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True Christian Ministering
by [?]

MATT. xx. 25–28–But Jesus called them unto him and said, Ye know that the princes of the Gentiles exercise dominion over them, and they that are great exercise authority upon them. But it should not be so among you: but whosoever will be great among you, let him be your minister; and whosoever will be chief among you, let him be your servant: even as the Son of Man came not to be ministered unto, but to minister, and to give his life a ransom for many.

How little this is believed! People think, if they think about it at all, that this is very well in the church, but, as things go in the world, it won’t do. At least, their actions imply this, for every man is struggling to get above the other. Every man would make his neighbour his footstool that he may climb upon him to some throne of glory which he has in his own mind. There is a continual jostling, and crowding, and buzzing, and striving to get promotion. Of course there are known and noble exceptions; but still, there it is. And yet we call ourselves “Christians,” and we are Christians, all of us, thus far, that the truth is within reach of us all, that it has come nigh to us, talking to us at our door, and even speaking in our hearts, and yet this is the way in which we go on! The Lord said, “It shall not be so among you.” Did he mean only his twelve disciples? This was all that he had to say to them, but–thanks be to him!–he says the same to every one of us now. “It shall not be so among you: that is not the way in my kingdom.” The people of the world–the people who live in the world–will always think it best to get up, to have less and less of service to do, more and more of service done to them. The notion of rank in the world is like a pyramid; the higher you go up, the fewer are there who have to serve those above them, and who are served more than those underneath them. All who are under serve those who are above, until you come to the apex, and there stands some one who has to do no service, but whom all the others have to serve. Something like that is the notion of position–of social standing and rank. And if it be so in an intellectual way even–to say nothing of mere bodily service–if any man works to a position that others shall all look up to him and that he may have to look up to nobody, he has just put himself precisely into the same condition as the people of whom our Lord speaks–as those who exercise dominion and authority, and really he thinks it a fine thing to be served.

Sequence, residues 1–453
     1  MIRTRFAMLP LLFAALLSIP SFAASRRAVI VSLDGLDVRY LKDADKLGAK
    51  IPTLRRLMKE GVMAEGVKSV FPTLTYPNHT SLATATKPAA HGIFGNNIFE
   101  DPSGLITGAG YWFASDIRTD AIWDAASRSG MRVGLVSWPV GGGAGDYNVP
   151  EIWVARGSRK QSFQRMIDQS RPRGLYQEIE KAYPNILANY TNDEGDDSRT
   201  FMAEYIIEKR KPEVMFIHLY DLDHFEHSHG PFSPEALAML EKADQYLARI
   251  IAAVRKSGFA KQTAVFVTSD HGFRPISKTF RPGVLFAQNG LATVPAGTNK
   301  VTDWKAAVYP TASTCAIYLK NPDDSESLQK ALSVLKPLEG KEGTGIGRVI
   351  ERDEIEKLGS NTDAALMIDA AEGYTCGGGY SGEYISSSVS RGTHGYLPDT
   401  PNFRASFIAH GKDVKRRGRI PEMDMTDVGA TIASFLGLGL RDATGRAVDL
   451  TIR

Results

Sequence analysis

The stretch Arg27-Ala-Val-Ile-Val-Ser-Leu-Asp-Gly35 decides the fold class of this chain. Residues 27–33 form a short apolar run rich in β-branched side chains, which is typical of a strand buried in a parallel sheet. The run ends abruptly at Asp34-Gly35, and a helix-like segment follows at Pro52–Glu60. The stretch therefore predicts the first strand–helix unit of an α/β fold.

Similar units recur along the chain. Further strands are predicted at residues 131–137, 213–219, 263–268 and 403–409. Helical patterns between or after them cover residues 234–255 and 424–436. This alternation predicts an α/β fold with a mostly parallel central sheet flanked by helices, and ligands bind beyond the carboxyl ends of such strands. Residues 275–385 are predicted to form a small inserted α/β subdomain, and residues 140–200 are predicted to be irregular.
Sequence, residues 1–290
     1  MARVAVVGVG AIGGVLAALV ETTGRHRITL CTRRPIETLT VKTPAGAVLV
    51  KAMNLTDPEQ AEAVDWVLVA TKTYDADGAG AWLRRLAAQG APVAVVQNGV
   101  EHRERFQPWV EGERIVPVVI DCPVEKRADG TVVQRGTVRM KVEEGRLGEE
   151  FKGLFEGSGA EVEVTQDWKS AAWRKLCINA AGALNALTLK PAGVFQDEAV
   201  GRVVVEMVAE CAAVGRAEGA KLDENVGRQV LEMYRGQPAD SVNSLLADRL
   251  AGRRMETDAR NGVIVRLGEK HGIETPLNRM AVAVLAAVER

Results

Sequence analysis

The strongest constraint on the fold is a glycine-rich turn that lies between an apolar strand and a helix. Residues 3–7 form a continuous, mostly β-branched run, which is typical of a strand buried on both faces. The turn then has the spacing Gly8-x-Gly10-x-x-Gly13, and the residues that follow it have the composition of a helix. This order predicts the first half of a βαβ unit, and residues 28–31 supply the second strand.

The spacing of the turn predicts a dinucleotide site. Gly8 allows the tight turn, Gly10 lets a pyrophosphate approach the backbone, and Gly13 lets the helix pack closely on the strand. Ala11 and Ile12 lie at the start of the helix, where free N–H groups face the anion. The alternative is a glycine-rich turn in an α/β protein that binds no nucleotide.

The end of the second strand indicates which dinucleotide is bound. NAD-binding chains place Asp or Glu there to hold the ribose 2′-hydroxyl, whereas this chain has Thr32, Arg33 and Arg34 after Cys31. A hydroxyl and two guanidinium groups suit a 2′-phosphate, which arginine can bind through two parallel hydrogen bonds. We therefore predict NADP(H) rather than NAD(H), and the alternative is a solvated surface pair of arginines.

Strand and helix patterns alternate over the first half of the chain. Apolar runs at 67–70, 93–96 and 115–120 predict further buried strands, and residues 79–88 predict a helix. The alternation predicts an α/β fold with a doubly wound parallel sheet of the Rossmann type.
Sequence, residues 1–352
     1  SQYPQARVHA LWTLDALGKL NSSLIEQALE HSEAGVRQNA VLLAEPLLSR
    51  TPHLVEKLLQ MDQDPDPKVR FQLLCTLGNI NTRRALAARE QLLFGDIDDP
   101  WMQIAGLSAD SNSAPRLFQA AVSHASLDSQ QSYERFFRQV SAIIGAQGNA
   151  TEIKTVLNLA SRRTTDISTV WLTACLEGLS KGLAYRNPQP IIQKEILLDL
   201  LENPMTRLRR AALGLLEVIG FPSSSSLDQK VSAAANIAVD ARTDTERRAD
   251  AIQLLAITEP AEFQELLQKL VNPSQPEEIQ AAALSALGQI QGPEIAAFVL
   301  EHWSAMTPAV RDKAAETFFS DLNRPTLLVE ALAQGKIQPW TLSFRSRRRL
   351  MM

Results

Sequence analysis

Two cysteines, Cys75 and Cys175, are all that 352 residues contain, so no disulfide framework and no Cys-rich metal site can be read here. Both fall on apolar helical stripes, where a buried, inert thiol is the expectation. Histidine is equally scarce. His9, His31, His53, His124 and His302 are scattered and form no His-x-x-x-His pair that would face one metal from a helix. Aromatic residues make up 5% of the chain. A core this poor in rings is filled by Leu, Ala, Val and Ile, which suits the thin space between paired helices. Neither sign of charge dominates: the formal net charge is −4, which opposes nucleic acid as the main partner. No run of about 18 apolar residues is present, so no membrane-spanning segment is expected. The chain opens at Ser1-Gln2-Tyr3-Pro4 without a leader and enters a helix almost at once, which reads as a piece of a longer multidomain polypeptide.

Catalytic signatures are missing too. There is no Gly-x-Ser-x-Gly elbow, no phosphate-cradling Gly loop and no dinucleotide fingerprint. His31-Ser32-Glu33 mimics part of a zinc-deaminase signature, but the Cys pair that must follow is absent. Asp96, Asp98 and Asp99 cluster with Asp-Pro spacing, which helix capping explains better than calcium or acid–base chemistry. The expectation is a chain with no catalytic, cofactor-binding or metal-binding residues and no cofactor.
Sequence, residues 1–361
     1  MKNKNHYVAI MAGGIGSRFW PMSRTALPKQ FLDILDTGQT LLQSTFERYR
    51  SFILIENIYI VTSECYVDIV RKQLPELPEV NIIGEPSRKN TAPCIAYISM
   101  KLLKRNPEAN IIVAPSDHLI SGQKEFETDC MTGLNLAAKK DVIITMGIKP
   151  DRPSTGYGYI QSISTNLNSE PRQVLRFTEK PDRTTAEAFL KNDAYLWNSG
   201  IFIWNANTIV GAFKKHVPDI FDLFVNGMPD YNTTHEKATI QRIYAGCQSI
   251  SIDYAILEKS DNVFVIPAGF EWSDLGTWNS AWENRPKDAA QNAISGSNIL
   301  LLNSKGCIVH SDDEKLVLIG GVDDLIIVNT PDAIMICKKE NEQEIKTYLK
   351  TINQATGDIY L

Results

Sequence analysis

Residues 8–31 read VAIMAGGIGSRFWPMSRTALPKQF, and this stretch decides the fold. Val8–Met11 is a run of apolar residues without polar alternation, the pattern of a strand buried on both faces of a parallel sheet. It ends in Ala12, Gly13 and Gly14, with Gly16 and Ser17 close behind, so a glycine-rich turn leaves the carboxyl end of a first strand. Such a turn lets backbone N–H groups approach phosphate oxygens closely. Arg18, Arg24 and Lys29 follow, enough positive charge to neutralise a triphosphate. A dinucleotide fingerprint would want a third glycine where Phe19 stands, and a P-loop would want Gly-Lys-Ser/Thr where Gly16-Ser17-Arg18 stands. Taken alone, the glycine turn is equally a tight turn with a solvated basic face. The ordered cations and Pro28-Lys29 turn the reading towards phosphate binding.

But it is not so in the kingdom of heaven. The figure there is entirely reversed. As you may see a pyramid reflected in the water, just so, in a reversed way altogether, is the thing to be found in the kingdom of God. It is in this way: the Son of Man lies at the inverted apex of the pyramid; he upholds, and serves, and ministers unto all, and they who would be high in his kingdom must go near to him at the bottom, to uphold and minister to all that they may or can uphold and minister unto. There is no other law of precedence, no other law of rank and position in God’s kingdom. And mind, that is the kingdom. The other kingdom passes away–it is a transitory, ephemeral, passing, bad thing, and away it must go. It is only there on sufferance, because in the mind of God even that which is bad ministers to that which is good; and when the new kingdom is built the old kingdom shall pass away.